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Ninth Circuit Sets Limits on Breaking Jury Deadlock

By Karen L. Stevenson, Litigation News Associate Editor – September 14, 2011

Permitting supplemental arguments to the jury on issues identified by the jury as causing a deadlock is an impermissible intrusion on the jury’s role. In United States v. Evanston [PDF], the U.S. Court of Appeals for the Ninth Circuit overturned a guilty verdict in a criminal case because the trial judge, over defense objections, allowed this type of supplemental argument.

District Court Questioned Jurors about Their Impasse
Prosecutors charged defendant Calvin Evanston of assaulting his live-in girlfriend. At trial in the U.S. District Court for the District of Arizona, Evanston and the victim gave different accounts of the incident. After a two-and-a-half-day trial, the jury deliberated five hours but did not reach a verdict.

To break the deadlock, the district court gave Ninth Circuit Model Jury Instruction 7.7, sometimes known as an “Allen” charge (an instruction given to encourage a deadlocked jury to continue deliberating until reaching a decision) and asked the jury to continue its deliberations. After three more hours of deliberations, the jury remained deadlocked.

Over defense objections, the district court asked the jury if additional argument on any particular points might be helpful to resolve the deadlock. The jury identified two issues causing the impasse: (1) witness credibility; and (2) how the victim’s injuries occurred.

The district court then allowed both sides to address the jury on these two issues. After the supplemental argument and two hours of further deliberations, the jury returned a unanimous guilty verdict. In a case of first impression, the Ninth Circuit vacated the verdict, remanding for a new trial.

The court noted that the trial court had “in its arsenal” less coercive means to address the deadlock, including rereading jury instructions relating to the areas of concern, providing a supplemental instruction on the legal standard for causation, or allowing the jury to review portions of witness testimony.

Trial Management or Jury Coercion?
The Ninth Circuit, citing United States v. Berger [PDF], acknowledged the discretion accorded to district courts in controlling trial procedures. It emphasized, however, that this discretion does not permit the court to usurp the jury’s role as sole fact finder.

The district court invaded the jury’s fact-finding role in two ways. First, the “judge’s questioning as to the reasons for the deadlock required that the jury divulge the state of its unfinished deliberations thereby violating the jury’s deliberative secrecy.” Second, the supplemental arguments “injected the court and the attorneys into the jury’s deliberative process, thereby raising the specter of jury coercion.” The appellate court found the trial court’s abuse of discretion to be “particularly egregious.”

“There is no question that the judge’s instructions superseded the court’s traditional role of providing procedural or legal clarification for jurors,” says Oran F. Whiting, Chicago, cochair of the ABA Section of Litigation’s Trial Practice Committee.

“While supplemental argument on legal authority might be acceptable,” observes Grayson D. Yeargin, Washington, D.C., cochair of the Section of Litigation’s Criminal Litigation Committee, “it is hard to imagine a circumstance where supplemental argument on factual issues after the close of evidence would not be prejudicial. It is a perfectly acceptable part of our jury system for a jury to be hung. The court should not try to influence a jury to come to a different result if it requires jurors to give up their independent assessment of the evidence,” cautions Yeargin:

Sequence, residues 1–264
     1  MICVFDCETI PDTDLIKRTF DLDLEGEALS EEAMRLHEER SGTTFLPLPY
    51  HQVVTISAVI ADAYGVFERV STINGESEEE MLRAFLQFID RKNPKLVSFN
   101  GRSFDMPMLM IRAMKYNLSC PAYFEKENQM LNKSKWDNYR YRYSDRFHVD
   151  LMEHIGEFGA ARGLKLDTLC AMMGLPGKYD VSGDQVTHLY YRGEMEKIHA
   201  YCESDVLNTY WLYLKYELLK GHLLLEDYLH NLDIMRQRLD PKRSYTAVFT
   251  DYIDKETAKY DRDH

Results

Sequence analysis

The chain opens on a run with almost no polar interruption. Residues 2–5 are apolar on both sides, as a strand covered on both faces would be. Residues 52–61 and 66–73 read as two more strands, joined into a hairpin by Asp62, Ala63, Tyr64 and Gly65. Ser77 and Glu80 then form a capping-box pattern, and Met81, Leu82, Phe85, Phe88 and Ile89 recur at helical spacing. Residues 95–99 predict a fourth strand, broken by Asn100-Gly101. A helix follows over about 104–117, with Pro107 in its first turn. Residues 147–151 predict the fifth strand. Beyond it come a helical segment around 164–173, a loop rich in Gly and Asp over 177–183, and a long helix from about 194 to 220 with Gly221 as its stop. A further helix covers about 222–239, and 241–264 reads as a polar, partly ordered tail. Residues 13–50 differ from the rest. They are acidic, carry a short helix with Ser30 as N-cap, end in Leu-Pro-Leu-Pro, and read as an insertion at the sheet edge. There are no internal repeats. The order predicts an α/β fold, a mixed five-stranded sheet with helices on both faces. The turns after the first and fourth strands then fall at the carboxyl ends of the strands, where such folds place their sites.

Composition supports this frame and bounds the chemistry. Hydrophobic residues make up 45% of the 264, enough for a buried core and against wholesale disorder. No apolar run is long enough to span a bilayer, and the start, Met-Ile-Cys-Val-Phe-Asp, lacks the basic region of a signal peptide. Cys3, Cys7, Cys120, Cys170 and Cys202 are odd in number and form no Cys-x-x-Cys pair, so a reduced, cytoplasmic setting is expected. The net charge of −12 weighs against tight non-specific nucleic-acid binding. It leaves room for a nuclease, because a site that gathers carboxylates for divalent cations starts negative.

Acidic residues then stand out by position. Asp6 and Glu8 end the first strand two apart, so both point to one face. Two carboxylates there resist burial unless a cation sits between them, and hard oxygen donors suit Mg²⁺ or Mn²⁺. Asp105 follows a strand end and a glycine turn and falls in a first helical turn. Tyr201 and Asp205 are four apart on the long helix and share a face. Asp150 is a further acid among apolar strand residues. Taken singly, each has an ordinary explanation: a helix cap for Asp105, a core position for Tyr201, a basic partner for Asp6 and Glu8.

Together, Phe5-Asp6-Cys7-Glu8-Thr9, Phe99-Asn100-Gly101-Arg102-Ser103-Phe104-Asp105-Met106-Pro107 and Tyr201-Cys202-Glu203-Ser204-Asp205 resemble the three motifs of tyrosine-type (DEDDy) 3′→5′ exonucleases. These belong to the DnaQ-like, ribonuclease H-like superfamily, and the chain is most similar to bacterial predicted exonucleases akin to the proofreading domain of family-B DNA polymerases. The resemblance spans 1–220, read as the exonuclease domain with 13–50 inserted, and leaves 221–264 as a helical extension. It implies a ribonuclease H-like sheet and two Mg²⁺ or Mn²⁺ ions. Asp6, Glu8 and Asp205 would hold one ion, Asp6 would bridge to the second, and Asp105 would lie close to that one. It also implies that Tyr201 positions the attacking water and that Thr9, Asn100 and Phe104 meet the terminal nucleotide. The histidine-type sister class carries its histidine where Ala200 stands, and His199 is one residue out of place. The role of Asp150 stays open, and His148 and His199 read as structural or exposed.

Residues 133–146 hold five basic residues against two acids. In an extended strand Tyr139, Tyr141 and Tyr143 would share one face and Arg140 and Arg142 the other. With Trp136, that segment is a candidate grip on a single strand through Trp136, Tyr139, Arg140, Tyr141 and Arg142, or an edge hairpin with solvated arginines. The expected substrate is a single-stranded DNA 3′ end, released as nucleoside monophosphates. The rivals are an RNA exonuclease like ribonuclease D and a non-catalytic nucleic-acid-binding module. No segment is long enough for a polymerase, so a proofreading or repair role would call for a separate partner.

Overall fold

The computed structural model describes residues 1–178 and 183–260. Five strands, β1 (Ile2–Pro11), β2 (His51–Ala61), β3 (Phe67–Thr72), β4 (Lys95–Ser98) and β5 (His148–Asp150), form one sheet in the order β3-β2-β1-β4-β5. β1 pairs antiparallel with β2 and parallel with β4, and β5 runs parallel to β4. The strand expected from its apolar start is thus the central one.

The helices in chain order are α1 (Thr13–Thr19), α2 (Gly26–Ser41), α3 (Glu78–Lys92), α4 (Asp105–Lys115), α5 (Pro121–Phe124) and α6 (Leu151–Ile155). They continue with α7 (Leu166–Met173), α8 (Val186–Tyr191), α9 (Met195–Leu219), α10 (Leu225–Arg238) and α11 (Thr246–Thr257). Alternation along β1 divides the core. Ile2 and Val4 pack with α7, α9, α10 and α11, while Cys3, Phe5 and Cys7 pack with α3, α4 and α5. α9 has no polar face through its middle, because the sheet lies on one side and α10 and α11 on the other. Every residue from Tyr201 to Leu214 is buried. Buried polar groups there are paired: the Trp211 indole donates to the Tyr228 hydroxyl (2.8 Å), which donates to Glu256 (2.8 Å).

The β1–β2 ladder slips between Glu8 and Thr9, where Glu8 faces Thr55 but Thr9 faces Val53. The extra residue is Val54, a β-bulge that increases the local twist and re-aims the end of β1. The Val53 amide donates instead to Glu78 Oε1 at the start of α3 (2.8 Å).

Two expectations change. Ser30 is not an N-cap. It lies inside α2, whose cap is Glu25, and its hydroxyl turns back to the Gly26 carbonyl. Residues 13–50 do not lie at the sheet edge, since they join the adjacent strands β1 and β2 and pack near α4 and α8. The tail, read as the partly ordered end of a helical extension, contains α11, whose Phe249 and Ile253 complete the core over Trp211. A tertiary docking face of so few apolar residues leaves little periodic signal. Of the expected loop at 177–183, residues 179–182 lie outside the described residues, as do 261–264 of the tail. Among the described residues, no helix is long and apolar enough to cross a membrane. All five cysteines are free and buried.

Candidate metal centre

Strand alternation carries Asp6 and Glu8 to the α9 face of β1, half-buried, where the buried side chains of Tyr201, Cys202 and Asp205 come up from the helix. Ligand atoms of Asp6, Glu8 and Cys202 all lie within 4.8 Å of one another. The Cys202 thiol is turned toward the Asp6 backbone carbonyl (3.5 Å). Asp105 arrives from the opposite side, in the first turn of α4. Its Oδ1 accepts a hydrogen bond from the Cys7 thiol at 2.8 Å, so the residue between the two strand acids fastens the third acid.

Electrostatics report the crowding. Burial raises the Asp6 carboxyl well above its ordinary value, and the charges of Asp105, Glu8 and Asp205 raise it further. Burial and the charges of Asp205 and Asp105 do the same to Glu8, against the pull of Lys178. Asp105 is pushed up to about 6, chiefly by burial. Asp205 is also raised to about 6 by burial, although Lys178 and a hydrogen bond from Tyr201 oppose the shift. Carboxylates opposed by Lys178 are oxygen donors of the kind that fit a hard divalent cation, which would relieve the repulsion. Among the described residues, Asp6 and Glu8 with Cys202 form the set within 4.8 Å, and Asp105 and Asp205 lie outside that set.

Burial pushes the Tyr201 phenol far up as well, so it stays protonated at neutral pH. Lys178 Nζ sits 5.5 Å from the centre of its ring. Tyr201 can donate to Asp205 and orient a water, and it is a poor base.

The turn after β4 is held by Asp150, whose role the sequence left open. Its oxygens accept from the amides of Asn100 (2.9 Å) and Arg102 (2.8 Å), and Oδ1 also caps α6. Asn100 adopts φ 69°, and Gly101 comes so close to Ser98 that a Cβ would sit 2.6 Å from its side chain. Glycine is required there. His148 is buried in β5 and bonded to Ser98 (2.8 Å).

Ninth Circuit Rejects Ad Hoc Adoption of Novel Jury Procedures
The court expressly limited its Evanston opinion to the specific circumstances presented. The better approach may be first to vet such an approach through a rulemaking or legislative procedures such as by amendment to the rules of criminal procedure.

The court noted that Arizona, California, and North Dakota, have each adopted rules allowing supplemental closing argument in criminal cases to assist jurors at an impasse in deliberations. The absence of a federal rule, the court opined, “throws a further shadow upon the practice.”

In a Post-Evanston Decision, Ninth Circuit Upolds Supplemental Argument
Less than a month after deciding Evanston, the Ninth Circuit again considered the propriety of supplemental argument to assist a deadlocked jury in a criminal case in United States v. Della Porta. In Della Porta,the defendant was charged with embezzlement and theft of union assets.

The U.S. District Court for the Central District of California allowed each side 15 minutes of additional argument after the jury indicated it was deadlocked. Relying on Evanston [PDF], the Ninth Circuit concluded that the district court did not abuse its discretion in ordering the supplemental argument where it did not give an “Allen” charge, and never asked the jury to identify the areas of disagreement causing the deadlock. The Ninth Circuit affirmed the lower court’s verdict, finding no intrusion into the jury’s fact finding process, and no coercion in the resulting verdict.

Is Evanston Relevant to Civil Trials?
No civil cases have cited the Evanston or Della Porta decisions yet. In considering what impact the Evanstondecision might havefor civil trials, Whiting sees important parallels: “In civil cases we are not dealing with a person’s freedom. But if supplemental factual argument as in the Evanston trial were allowed, jury deliberations would never be the same, every jury trial could become, in effect, a bench trial.”

Keywords: litigation, trial practice, Ninth Circuit, United States v. Evanston, jury deadlock

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